Trinity School of Medicine News Blog

Medical School, Rejection, the Right Fit, and Staying on Track for September

There are no guarentees. No matter how qualified you might be, how hard you work, and how tactically you apply, you might still not get into a US or Canadian medical school. Given how many doctors we know, as both faculty and alums, we are very well versed in the stomach-dropping panic at the thought of not getting in. Life is, of course, bigger than becoming a doctor, but then again, is it, really? For you? 

There are exceptions but, for most people, becoming a physician is not a job. It's a calling. It's a vocation that is often intextricably tied to personal aspirations, sense of identity, even a philosophical contemplating of the role of a person in a society. It's only natural to feel utterly heartbroken, panic stricken, and out of sorts if after all the planning, all the work, it just doesn't work out. 

You didn't get into medical school. So, now what do you do? 

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Trinity SOM Graduates Secure Residency Placements in the U.S. and Canada in 2016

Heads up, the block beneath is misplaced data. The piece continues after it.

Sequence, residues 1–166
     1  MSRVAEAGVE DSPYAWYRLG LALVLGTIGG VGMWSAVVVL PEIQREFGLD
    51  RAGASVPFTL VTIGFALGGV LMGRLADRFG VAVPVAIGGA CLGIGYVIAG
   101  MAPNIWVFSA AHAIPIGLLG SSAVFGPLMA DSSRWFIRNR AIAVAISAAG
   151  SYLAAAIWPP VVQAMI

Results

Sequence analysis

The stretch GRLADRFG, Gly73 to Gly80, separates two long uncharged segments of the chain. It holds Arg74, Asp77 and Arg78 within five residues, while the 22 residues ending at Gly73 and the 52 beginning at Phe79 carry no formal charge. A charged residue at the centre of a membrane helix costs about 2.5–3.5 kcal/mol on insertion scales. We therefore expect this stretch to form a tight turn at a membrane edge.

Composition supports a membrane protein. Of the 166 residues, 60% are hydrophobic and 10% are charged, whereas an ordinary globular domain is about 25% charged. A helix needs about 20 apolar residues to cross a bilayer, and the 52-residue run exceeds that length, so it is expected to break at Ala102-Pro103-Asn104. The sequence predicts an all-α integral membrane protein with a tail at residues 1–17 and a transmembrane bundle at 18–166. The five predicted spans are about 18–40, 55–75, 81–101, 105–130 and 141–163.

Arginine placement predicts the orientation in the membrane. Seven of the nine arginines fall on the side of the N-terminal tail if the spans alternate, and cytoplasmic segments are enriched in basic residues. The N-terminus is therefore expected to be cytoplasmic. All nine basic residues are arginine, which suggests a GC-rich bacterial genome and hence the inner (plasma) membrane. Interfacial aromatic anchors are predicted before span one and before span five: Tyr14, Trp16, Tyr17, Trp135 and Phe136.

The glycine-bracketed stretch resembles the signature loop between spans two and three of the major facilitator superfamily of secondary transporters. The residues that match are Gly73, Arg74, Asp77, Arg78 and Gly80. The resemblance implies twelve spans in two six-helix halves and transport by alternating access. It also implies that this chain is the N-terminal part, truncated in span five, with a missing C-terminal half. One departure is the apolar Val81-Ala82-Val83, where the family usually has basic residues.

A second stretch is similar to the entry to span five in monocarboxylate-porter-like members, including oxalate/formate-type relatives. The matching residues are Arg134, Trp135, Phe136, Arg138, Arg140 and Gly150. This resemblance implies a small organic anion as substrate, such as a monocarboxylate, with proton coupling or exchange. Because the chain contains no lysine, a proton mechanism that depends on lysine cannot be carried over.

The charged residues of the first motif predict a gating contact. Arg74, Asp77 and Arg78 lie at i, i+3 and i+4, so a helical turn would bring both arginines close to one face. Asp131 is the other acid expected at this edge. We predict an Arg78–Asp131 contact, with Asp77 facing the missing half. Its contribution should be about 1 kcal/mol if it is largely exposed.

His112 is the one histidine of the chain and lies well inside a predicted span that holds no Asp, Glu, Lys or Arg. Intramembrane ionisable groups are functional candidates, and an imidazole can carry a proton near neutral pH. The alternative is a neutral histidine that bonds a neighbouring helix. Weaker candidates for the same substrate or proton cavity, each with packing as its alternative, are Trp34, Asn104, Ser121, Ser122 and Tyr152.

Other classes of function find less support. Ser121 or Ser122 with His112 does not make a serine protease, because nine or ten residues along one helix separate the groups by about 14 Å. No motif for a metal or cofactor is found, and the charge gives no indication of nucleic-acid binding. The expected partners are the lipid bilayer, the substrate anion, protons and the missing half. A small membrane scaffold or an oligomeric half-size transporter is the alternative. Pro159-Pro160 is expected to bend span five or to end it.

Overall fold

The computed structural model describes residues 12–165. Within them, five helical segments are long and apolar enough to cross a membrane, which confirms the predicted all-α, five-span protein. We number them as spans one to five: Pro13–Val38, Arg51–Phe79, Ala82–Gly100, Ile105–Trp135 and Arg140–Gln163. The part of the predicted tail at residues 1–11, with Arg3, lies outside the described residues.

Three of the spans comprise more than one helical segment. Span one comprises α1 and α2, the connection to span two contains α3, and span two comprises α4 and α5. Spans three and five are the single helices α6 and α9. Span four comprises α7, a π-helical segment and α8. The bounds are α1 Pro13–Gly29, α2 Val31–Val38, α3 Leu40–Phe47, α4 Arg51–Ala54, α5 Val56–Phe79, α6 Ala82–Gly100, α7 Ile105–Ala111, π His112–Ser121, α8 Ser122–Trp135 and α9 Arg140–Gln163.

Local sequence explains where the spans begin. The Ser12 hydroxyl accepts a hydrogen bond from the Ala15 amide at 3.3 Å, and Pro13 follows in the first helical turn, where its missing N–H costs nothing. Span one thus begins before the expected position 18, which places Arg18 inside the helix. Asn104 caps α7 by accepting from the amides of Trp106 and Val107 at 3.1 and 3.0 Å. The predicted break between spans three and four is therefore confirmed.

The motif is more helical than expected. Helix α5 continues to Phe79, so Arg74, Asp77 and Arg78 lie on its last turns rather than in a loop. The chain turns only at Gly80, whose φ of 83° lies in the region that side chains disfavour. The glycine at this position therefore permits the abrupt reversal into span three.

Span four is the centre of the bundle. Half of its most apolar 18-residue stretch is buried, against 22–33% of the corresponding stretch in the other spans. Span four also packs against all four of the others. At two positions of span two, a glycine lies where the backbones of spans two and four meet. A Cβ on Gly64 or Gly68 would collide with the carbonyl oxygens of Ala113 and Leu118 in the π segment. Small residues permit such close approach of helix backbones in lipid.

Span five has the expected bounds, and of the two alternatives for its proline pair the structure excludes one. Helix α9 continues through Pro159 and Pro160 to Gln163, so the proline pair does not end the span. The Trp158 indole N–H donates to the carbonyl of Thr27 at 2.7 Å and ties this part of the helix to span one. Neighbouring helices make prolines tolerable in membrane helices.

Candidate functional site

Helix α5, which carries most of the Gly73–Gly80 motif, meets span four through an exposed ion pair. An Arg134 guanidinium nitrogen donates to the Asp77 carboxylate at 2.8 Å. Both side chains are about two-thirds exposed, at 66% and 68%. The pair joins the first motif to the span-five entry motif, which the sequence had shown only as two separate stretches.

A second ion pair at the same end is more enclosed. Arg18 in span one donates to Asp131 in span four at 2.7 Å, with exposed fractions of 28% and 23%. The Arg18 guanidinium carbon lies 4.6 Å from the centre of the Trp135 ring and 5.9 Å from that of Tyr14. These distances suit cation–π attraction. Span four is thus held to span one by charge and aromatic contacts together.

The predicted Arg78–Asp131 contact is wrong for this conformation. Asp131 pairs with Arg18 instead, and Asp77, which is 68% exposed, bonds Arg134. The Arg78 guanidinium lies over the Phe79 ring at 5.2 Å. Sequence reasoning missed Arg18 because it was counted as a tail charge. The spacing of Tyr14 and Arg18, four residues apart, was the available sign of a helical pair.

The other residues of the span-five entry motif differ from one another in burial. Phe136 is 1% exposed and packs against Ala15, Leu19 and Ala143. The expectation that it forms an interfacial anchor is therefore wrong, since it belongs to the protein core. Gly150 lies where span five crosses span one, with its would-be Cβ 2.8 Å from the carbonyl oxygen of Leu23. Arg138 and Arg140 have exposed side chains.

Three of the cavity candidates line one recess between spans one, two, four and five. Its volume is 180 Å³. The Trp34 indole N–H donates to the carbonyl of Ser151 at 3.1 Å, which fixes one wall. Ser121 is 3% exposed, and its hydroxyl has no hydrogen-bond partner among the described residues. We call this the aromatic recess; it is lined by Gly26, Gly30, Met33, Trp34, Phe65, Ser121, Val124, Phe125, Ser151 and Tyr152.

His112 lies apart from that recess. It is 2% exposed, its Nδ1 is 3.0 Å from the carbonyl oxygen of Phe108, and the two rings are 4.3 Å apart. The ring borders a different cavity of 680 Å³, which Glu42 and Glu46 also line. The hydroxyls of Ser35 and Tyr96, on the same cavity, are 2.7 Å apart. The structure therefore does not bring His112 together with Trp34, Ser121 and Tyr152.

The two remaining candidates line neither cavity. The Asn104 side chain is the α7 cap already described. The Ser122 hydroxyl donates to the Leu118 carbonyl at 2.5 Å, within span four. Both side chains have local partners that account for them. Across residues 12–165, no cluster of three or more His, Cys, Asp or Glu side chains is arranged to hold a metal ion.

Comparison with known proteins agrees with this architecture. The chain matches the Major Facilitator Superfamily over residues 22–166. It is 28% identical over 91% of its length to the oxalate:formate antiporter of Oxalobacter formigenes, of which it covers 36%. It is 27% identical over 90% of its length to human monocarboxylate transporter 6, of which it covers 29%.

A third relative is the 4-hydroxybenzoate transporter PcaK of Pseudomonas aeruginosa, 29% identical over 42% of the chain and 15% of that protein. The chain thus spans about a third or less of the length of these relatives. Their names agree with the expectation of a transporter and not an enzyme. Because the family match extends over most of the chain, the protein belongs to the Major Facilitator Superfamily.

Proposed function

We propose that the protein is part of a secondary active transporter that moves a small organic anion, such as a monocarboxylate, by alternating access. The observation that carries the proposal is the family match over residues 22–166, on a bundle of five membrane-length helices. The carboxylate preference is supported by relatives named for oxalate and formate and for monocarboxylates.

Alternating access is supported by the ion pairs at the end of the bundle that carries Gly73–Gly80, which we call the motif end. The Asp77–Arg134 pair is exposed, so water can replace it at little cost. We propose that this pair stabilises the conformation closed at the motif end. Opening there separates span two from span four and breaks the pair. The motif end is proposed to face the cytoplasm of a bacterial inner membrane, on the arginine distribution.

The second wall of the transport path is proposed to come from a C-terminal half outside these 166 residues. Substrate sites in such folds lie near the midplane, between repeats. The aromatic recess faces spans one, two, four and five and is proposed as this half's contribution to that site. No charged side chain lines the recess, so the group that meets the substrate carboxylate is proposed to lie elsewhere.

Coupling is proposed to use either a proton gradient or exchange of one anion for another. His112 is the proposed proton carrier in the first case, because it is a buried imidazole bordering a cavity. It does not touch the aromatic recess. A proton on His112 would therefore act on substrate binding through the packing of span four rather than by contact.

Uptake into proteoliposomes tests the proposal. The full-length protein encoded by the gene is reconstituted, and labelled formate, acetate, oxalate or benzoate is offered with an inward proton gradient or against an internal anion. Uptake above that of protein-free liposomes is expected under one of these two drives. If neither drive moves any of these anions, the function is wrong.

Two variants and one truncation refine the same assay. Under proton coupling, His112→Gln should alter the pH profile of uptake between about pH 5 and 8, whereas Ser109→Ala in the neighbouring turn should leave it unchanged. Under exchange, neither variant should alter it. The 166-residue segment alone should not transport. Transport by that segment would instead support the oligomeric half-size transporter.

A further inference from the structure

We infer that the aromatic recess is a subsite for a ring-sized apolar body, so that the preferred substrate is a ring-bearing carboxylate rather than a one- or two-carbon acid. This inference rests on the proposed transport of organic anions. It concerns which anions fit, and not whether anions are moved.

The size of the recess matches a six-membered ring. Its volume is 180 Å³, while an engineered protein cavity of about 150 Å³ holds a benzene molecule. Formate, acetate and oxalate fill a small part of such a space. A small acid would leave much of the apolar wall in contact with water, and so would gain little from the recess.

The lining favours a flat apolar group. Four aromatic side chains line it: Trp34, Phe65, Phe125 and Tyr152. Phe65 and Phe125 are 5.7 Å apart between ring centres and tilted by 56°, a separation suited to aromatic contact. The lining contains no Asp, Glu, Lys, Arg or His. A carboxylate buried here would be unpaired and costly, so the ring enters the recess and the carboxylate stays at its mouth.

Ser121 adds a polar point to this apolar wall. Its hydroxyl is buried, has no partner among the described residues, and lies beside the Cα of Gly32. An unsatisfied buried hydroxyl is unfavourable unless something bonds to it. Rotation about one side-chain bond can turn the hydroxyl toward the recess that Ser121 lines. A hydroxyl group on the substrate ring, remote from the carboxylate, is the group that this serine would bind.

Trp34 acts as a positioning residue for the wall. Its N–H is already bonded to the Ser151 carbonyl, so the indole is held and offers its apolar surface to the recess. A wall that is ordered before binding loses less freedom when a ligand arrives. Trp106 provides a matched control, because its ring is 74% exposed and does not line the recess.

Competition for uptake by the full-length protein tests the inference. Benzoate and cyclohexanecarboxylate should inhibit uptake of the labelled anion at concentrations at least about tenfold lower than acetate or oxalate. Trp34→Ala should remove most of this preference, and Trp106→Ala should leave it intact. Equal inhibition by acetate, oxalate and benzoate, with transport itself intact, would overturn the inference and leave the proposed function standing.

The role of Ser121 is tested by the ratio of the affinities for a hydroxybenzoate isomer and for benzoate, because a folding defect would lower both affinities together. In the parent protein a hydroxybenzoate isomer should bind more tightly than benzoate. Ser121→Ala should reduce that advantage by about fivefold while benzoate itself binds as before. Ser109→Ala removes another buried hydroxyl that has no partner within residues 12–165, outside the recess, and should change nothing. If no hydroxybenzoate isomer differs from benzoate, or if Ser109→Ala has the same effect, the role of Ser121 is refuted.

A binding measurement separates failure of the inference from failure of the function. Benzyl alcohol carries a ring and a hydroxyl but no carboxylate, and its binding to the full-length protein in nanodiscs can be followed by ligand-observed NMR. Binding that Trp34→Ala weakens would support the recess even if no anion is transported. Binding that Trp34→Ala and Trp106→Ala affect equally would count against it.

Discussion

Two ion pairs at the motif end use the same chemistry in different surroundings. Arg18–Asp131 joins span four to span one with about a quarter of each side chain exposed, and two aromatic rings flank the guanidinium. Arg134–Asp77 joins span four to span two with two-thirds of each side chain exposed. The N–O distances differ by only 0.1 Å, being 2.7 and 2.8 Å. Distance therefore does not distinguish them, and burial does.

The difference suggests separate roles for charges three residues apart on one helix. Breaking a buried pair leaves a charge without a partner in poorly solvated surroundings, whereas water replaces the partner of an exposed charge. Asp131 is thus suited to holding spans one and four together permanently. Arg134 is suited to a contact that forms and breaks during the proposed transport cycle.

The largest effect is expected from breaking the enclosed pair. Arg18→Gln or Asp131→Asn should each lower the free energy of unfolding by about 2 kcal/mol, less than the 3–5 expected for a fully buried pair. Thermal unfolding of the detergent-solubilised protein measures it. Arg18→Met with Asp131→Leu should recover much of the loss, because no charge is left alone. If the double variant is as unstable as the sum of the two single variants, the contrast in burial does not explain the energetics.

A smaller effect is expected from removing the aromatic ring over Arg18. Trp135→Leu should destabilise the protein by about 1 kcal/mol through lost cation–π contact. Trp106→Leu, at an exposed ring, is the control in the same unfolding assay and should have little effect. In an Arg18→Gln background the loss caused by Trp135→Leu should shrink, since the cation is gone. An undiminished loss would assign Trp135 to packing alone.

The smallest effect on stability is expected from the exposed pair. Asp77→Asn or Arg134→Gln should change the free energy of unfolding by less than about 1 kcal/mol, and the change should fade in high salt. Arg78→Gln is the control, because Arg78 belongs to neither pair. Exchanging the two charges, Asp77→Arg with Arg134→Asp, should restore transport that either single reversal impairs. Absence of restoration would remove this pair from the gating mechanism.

In many parts of the world, March is a month of new beginnings. That premise certainly holds true in the world of medical students. Each March, the United States and Canada conduct a national residency match program that pairs fourth year and graduate medical students with residency training programs, a critical component to becoming licensed to practice.

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Trinity School of Medicine Alumni Spotlight: Dr. Adrian Garcia, Trinity Class of 2012

Trinity School of Medicine has always prided itself on the strength and ambition of its students. So many of our future physicians come our way looking for something new; whether that's a unique learning environment built on support and a strong relationship with the faculty, a curriculum with an emphasis on clinical skills and service to patients, or just a fresh start this. We have so much to offer, so it delights us when each and every qualified student decides to take the next step in their medical education with us, with Trinity.